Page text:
Reading the comments reminded me of the parable of the six blind men and the elephant. Every reader seems to think the research proves their theory: Kids need more practice; kids need to construct knowledge, kids need real-world examples, kids need visuals.
Daniel Willingham:
Pretty interesting, and a fairly solid research base. . .it's a little early to get super excited about it. . .and "brain calisthenics" is kind of misleading. . .

Friday, June 10, 2011

How's that urban studies degree working out for you?

This story comes from a comment on an article about which college majors do best in the job market. The writer has been gainfully employed for most of the time since she graduated college, but not in any jobs where she has used her degree. Her story sounds familiar.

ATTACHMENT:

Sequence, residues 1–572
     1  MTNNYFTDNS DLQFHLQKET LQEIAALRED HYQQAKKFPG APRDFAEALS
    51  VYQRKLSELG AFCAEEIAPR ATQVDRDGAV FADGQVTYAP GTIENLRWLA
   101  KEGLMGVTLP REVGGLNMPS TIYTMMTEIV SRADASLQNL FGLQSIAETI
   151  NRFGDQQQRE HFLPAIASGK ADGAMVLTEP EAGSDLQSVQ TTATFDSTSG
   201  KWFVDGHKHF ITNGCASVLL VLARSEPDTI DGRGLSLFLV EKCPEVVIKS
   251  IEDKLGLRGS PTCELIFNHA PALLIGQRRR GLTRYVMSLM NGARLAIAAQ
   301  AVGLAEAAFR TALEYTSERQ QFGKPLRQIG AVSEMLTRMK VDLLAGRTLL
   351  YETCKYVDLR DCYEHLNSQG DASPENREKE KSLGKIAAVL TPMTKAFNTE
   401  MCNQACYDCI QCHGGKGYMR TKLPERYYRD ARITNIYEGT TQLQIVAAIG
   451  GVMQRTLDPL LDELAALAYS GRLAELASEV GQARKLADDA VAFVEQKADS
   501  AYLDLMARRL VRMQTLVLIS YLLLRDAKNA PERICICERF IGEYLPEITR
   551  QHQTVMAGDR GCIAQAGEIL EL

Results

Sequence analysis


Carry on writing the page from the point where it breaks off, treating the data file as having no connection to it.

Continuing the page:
I have a B.A. in Urban Studies (city planning). I graduated in 2003 (as a married mom of two, who was temporarily a stay at home mom, after working full time for years). I found another job a few months after my graduation, in the mortgage industry, making $30,000 a year. I left that job after a year and a half, when the bank went through massive downsizing, and announced that the entire division I worked in would be eliminated. I found another job as a research assistant with the national offices of a church, still not really using my degree, but making $35,000 a year.